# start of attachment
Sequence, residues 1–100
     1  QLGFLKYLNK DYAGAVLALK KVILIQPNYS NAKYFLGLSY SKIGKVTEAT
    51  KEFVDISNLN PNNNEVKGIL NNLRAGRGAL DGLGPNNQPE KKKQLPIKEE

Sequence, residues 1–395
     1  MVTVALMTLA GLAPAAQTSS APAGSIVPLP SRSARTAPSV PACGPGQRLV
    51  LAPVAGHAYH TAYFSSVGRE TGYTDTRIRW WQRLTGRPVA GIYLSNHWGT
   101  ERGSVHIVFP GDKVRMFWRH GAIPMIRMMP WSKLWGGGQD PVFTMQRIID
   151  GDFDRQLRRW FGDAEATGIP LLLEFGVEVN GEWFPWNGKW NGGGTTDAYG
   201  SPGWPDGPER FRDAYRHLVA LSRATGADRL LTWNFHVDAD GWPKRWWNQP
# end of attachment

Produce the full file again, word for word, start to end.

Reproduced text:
Sequence, residues 1–100
     1  QLGFLKYLNK DYAGAVLALK KVILIQPNYS NAKYFLGLSY SKIGKVTEAT
    51  KEFVDISNLN PNNNEVKGIL NNLRAGRGAL DGLGPNNQPE KKKQLPIKEE

Sequence, residues 1–395
     1  MVTVALMTLA GLAPAAQTSS APAGSIVPLP SRSARTAPSV PACGPGQRLV
    51  LAPVAGHAYH TAYFSSVGRE TGYTDTRIRW WQRLTGRPVA GIYLSNHWGT
   101  ERGSVHIVFP GDKVRMFWRH GAIPMIRMMP WSKLWGGGQD PVFTMQRIID
   151  GDFDRQLRRW FGDAEATGIP LLLEFGVEVN GEWFPWNGKW NGGGTTDAYG
   201  SPGWPDGPER FRDAYRHLVA LSRATGADRL LTWNFHVDAD GWPKRWWNQP